I can easily understand why any shy person would dread having to give a speech. It’s a lot of pressure, all eyes are on you and you must perform a really challenging task.
I began my study of speech precisely because I felt that way when I was younger. But it’s important to remember that there’s nothing inherently wrong with being shy! Yes, it will absolutely hold you back in some instances. But you can learn to speak effectively despite being a shy person. In fact, this trait can even serve as an asset in speech.
Susan Cain’s popular ted talk Thepower of introverts and her book Quiet shed much light on this subject, though more broadly. And I see time and time again how different personality types handle public speaking. I’ve seen many students give incredible speeches despite seeming quite shy. It’s possible that shyness can even drive some people to put more effort into their speeches. It may cause a person to care more about the assignment.
I don’t reckon shyness ever goes away entirely. But with an adequate skill set it need not be a hindrance. Plus, once you learn all the tricks of the trade in public speaking, you will feel emboldened in your public speaking capabilities.
An important addition to this discussion is that you don’t always need to be the loudest voice in the room. Sometimes it’s just better to be cautious with your words. After all, communication is irreversible.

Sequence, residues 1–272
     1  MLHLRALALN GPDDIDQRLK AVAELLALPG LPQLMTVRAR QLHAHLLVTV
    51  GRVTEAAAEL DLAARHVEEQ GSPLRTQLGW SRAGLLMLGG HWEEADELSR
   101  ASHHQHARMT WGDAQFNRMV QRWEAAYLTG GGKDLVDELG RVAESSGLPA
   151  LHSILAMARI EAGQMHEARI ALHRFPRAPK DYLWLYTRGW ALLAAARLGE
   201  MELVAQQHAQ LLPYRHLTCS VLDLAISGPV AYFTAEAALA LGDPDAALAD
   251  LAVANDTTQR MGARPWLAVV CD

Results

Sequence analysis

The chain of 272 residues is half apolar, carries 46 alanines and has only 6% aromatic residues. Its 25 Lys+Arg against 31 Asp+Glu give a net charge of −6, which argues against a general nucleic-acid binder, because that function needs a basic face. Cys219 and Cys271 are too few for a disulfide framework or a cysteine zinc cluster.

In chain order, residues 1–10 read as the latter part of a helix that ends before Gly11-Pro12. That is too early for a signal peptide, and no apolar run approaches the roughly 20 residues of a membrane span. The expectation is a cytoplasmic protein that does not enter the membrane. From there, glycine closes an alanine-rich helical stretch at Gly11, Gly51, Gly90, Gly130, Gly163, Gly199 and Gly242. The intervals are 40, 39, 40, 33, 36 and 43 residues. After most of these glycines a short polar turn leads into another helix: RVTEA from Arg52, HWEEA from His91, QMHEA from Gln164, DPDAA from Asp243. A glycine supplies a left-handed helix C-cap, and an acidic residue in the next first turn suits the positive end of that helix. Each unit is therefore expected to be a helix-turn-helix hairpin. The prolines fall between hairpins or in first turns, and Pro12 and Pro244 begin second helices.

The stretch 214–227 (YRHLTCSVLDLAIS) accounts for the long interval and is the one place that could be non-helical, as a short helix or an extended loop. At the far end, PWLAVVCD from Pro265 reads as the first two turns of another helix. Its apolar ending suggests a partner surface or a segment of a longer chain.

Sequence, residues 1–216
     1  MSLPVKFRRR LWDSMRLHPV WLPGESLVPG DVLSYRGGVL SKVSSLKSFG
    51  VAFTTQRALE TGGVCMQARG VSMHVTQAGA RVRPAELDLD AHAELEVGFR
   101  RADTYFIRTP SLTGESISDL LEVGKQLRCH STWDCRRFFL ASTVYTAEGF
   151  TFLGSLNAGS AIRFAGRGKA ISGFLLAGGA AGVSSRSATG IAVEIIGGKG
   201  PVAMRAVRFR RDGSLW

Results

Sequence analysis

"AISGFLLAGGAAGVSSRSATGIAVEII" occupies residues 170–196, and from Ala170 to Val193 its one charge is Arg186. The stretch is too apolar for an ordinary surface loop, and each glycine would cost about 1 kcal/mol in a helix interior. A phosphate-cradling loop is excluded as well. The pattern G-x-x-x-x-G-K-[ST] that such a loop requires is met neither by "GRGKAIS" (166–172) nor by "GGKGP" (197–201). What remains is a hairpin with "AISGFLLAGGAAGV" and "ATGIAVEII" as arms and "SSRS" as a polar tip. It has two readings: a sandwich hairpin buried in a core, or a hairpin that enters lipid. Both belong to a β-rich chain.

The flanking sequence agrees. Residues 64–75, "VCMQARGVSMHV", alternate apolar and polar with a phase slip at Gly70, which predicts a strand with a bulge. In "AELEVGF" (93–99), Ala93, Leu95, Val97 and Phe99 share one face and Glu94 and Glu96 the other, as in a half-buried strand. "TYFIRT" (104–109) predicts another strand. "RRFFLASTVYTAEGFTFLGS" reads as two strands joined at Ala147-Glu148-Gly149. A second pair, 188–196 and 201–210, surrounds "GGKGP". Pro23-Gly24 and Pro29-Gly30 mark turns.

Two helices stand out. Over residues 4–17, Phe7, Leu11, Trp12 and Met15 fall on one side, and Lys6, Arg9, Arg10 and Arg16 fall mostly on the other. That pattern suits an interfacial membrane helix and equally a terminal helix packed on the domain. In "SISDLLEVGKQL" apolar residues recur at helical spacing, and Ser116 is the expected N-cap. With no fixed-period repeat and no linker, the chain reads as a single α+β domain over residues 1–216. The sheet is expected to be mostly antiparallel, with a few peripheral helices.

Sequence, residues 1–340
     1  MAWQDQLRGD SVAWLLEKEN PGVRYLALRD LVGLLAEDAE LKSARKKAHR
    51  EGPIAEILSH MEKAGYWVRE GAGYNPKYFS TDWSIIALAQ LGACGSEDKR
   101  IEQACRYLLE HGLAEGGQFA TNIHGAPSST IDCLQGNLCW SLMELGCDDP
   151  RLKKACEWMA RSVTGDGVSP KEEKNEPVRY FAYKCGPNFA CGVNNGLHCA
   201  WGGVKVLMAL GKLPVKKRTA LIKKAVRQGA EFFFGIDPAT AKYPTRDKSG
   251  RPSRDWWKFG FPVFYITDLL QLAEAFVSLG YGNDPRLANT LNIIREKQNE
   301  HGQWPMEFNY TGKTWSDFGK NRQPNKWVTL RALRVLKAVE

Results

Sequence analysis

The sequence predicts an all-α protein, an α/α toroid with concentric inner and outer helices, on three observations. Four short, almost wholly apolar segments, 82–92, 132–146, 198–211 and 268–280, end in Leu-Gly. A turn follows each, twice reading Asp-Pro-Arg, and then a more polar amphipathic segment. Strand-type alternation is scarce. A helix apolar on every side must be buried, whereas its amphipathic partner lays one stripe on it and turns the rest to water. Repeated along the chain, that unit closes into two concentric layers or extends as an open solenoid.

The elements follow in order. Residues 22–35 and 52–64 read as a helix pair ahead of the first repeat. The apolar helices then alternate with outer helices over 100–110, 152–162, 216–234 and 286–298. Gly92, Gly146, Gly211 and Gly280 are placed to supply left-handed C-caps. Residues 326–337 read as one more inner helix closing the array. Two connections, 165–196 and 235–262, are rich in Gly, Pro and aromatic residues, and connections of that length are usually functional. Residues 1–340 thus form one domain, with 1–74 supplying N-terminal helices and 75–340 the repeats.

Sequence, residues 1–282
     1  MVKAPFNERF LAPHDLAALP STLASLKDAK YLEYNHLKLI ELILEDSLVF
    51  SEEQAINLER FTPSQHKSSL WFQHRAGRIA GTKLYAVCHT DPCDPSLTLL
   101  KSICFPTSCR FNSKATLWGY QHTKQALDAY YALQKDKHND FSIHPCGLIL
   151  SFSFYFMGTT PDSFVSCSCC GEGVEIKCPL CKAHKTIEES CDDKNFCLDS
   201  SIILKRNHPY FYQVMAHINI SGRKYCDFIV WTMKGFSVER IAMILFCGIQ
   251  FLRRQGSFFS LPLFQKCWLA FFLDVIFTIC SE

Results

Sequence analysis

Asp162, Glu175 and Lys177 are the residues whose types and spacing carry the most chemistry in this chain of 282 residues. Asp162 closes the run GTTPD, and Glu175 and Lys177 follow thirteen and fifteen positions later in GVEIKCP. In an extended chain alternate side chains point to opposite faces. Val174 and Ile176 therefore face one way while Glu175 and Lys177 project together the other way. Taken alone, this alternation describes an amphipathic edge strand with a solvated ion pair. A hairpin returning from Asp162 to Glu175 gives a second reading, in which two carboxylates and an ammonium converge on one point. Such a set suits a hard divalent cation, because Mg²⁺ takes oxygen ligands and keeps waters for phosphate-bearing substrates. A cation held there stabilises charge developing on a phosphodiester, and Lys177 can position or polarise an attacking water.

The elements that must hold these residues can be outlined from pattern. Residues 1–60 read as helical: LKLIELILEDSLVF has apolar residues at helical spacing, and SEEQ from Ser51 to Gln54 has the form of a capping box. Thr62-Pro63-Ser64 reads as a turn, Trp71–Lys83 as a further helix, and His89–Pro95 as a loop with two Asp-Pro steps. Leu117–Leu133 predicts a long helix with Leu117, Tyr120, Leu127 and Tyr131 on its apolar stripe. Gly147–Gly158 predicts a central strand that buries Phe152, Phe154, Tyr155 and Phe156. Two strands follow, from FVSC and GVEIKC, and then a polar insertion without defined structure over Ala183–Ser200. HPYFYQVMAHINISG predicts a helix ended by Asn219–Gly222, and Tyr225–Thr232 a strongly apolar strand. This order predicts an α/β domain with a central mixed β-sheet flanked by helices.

If you say the wrong thing then you may end up causing more harm than good. Lao Tzu, the ancient Chinese philosopher, tells us “Those who know, do not speak. Those who speak, do not know.” Similarly, if more dramatic, the Judeo-Christian book of proverbs states “The tongue can bring death or life; those who love to talk will reap the consequences.” I think we can learn a lot by listening and watching sometimes rather than by talking too much.
I really feel for people that are terrified to give a speech because I strongly identify with that feeling. It's why I studied communication in the first place and went on to become a teacher. I find that I agree with Susan Cain’s redeeming portrayal of introverts. It’s been my experience and I also witness this in the classroom with students.
You can learn to speak effectively despite being fearful of the spotlight. It may even motivate you to do your best. In the end, you may that find it’s not always a good thing to be the loudest voice in the room.
Society may often discount shy people. But when such individuals do speak, others may just tend to listen more closely.